The day started out with a peer panel on “leaving well without losing your heart.” I got to be on a panel with some great friends: Tim, Len, & Darren. We had a really good discussion. All of which reminded me (yet again) that there are some really hurting youth workers.

If you are feeling hurt in ministry, wondering if its time for you to leave, or being forced to leave – know that you are not alone.

The general session ended the conference by reminding us all that we are not alone. We are all threaded together in the larger story, thus none of us has to be alone or feel like we have to do anything by ourselves. And we were reminded that behind all of our “junk” and struggles is the one person who draws us all together – Jesus.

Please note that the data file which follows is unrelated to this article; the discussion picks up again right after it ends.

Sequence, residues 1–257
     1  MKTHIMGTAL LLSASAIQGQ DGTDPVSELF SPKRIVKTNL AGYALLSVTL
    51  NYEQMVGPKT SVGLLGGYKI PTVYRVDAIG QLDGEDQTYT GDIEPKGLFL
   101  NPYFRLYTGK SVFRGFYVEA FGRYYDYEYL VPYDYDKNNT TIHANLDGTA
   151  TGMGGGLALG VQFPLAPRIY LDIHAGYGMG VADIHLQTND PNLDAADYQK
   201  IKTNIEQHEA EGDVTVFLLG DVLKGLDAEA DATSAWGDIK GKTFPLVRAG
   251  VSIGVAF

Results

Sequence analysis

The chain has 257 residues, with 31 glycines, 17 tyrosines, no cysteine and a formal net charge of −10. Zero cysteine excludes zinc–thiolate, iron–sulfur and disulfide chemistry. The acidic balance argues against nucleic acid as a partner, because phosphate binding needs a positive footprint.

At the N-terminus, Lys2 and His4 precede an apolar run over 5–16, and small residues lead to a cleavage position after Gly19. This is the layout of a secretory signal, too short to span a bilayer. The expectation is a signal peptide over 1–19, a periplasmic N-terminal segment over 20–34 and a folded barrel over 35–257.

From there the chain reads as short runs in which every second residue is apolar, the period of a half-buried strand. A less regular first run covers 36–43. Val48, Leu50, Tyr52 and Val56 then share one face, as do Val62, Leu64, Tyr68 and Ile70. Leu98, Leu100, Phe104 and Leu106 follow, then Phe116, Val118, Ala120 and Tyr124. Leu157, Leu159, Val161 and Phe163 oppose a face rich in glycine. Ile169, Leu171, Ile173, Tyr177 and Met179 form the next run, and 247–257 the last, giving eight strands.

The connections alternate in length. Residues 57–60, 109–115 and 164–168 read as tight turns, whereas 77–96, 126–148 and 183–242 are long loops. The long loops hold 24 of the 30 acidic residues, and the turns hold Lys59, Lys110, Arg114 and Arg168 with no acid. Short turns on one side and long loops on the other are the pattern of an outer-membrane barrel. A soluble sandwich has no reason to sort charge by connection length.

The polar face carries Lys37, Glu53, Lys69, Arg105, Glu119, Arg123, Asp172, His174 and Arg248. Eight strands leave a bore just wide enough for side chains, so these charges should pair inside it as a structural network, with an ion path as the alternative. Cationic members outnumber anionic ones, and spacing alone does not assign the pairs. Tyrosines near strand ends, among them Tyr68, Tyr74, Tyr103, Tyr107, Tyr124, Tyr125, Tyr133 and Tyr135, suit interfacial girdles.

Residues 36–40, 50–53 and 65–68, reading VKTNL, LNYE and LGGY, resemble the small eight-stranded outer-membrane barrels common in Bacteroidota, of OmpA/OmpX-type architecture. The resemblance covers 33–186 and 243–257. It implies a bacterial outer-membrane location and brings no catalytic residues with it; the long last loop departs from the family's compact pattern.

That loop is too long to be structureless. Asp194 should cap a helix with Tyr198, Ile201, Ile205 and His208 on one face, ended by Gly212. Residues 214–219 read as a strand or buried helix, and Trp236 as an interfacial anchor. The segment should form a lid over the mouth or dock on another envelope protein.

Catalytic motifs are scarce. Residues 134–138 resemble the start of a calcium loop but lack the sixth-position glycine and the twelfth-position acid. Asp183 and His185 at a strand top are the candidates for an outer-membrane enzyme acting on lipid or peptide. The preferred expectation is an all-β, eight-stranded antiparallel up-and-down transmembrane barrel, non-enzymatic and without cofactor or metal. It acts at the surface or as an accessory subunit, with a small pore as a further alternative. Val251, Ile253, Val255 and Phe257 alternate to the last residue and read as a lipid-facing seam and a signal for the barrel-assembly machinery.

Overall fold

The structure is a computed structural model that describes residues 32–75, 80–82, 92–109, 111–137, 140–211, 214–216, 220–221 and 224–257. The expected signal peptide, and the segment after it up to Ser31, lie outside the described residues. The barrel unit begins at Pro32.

And so ended SYMC 2011.

But, I’m not convinced the conference is really over. You see, for me the conference is so much more than the programming of 4 days – its the relationships, connections, conversations, prayer support and friendships that cannot be measured or controlled by a schedule.

And these things will continue throughout the year until 2012 in Louisville, KY.

If we met at SYMC, or you are in youth ministry, I’d love to connect online (twitter, facebook, or this blog) to continue the ongoing conversation about ministry.

 

SYMC ’11: Sunday Edition

Saturday was a day of “rest & conversations” – Sunday was a day of learning.